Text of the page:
Putting a theatrical production together is like trying to cook a twenty-course meal — with every dish timed to come out of the oven at the same moment.
On opening night, theater audiences witness the culmination of a process that began months before, that combined the skills of numerous, often unacknowledged participants, and that — in the case of the San Diego Repertory Theatre’s current production of The Elephant Man — is the result of more than 3000 hours of collective effort.
They are hours of both magic and mundanity, filled with decisions and choices, questions and answers. The San Diego Repertory Theatre began selecting this year’s season of shows in July of 1980. Artistic directors Sam Woodhouse and Doug Jacobs decided that, as a fitting conclusion to the season, the Rep would stage The Elephant Man, the award-winning drama by Bernard Pomerance.
The play was still running on Broadway at the time, however, and this presented serious problems. At present the Rep is a “Class C’* theater, that is, it is not a member of Artist’s Equity Association, the union of actors and stage managers. And Equity, as it’s known, acknowledges only two types of theaters: “Class A” (full union houses) and “Class B“ (theaters that combine union and nonunion performers). Thus when Roberta Bentz, general manager of the Rep, wrote to McCann and Nugent, producers of the show on Broadway, for the rights to the play, she received a curt reply. In effect it read: you’re not Class A. Thank you for your interest, but no.
Bentz wrote back. She argued that the Rep, though nonunion, is in the process of setting up a letter of agreement with Equity. It intends, in 1982, to become reclassified as a “Class B“ theater and plans to combine union and nonunion performers. Bentz included a sheaf of local reviews and letters of recommendation from institutions such as the California Theatre Council, which praised the successes of the theater.
The next reply was curious, and a bit staggering. McCann said the Rep could have the rights if they would pay either $150 per performance or twenty percent of the gross ticket sales for the entire run of the show.
The price, to say the least, was off the graph. Bentz wrote back again. She calculated the number of seats in the theater, the prices charged for a seat, and submitted an estimated maximum attendance of twenty shows. Her figures showed that the McCann proposal was too high. McCann wrote back and lowered its numbers to $125 per night against fifteen percent of the gross. Still too much.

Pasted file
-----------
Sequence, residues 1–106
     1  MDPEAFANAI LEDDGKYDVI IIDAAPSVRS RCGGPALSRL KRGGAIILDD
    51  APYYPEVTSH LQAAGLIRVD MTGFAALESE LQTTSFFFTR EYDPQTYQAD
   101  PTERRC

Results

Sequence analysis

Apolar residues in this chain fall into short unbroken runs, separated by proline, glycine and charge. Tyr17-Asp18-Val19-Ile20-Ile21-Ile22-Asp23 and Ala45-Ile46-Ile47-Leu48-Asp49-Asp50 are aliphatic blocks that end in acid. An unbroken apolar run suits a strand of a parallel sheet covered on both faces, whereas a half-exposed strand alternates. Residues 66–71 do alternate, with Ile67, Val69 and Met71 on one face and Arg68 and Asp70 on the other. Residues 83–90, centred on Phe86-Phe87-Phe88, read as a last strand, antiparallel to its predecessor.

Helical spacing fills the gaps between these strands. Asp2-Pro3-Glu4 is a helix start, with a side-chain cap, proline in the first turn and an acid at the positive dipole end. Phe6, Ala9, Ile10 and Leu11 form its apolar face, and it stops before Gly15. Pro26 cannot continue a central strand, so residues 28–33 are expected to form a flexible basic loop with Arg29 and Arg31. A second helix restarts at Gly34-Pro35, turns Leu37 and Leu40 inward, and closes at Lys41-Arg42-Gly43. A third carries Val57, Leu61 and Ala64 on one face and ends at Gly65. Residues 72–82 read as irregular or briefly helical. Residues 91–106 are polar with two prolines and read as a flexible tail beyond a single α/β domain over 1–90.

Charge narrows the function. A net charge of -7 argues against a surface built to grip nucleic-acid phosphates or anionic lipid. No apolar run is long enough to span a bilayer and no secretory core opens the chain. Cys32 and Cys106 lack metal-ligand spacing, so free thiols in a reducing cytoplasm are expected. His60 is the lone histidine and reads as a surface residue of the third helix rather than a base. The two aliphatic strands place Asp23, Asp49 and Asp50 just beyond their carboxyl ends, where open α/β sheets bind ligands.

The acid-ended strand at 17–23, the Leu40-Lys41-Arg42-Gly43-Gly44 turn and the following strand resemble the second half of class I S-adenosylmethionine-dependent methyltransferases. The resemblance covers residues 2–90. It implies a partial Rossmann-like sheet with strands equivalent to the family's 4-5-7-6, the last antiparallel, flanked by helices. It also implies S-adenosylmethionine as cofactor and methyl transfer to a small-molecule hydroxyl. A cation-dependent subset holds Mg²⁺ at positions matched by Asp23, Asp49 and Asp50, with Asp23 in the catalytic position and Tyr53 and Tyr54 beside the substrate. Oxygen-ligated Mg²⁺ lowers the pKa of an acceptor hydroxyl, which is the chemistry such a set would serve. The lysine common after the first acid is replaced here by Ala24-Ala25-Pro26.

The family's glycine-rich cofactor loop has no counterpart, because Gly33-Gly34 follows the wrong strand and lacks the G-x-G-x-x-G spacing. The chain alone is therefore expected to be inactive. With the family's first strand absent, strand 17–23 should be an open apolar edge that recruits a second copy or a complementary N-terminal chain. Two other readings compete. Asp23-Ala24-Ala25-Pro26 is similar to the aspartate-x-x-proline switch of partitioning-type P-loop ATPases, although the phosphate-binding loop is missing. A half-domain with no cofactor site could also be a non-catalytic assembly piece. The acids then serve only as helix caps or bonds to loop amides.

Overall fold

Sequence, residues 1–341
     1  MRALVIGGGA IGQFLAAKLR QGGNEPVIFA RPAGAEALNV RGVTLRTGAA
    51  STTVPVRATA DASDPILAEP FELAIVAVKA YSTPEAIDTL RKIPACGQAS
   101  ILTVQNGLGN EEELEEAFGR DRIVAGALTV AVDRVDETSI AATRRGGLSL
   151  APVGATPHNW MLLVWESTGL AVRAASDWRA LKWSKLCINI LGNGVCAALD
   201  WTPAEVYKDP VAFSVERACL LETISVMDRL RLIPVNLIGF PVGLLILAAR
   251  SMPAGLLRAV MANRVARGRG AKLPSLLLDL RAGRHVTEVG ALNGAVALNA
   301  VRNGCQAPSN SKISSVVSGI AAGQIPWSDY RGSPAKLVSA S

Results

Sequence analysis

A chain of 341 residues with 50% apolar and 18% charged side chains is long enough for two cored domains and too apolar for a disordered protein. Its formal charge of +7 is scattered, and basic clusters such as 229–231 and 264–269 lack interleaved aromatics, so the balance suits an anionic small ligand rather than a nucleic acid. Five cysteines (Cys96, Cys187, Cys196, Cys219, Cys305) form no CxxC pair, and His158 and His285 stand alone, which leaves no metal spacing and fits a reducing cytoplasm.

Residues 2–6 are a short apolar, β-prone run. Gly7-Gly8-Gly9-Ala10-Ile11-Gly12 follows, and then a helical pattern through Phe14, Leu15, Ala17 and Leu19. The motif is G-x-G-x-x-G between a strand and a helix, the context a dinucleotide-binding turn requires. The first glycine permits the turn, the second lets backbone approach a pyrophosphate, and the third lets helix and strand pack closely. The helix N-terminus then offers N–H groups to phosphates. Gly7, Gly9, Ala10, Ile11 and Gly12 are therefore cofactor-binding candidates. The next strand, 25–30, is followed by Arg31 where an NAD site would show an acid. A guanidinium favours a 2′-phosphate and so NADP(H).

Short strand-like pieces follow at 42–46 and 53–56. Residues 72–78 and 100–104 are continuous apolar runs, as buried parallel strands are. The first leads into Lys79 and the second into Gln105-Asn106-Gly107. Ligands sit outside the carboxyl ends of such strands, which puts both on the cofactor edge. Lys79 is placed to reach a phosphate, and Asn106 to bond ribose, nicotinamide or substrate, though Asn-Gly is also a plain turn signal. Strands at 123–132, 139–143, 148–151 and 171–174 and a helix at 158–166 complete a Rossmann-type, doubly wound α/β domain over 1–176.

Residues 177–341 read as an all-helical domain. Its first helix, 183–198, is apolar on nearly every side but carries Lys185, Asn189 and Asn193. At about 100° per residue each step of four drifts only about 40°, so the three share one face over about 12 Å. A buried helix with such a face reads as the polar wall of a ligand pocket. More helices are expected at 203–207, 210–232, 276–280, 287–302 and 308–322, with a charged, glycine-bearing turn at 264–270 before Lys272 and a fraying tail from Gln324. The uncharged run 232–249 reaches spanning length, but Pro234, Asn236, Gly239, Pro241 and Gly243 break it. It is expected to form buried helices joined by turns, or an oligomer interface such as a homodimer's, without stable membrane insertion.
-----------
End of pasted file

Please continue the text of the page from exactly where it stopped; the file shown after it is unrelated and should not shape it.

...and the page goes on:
In the meantime, Nora Jane Slattery had a problem. Slattery, director of public relations for the theater, was busy on this season’s ticket-subscription campaign, which claimed that the final play of the season might be The Elephant Man — a current hit and, she admits candidly, a boost for season subscribers since it was the only widely recognized drama offered by the Rep. “Every two weeks for almost six months,’’ says Slattery, “I would ask if I should keep or drop the show from the brochure I was preparing for the upcoming season’’ (it was listed then as a “possible” production). Throughout this period, McCann was still replying with figures that made the show financially impossible to stage. “A lot of people subscribed to our season because we were going to do The Elephant Man," recalls Slattery, “and for a while there, we had a PR crisis on our hands.’’
In late November, Bentz wrote to Arden Heide, an agent for the Samuel French Agency, a veritable monopoly for theatrical rights and royalties in this country. This approach was, in effect, an end-run, since negotiations with McCann had stalled. “Heide said he would help us, and he did. He was able to get us the rights for either one hundred dollars a night or ten percent of the gross ticket sales,” Bentz says. Which was welcome news. Only there was a catch. Heide warned Bentz that if the agreement were enacted, the Samuel French Agency would never again grant the Rep “amateur rights” (roughly twenty-five dollars a night for plays within the public domain). Thus, securing the rights for The Elephant Man had lasting implications for the theater. It meant the Rep would become a “preferred client” with the agency. It meant, however, that the costs for all future rights would go up as a result.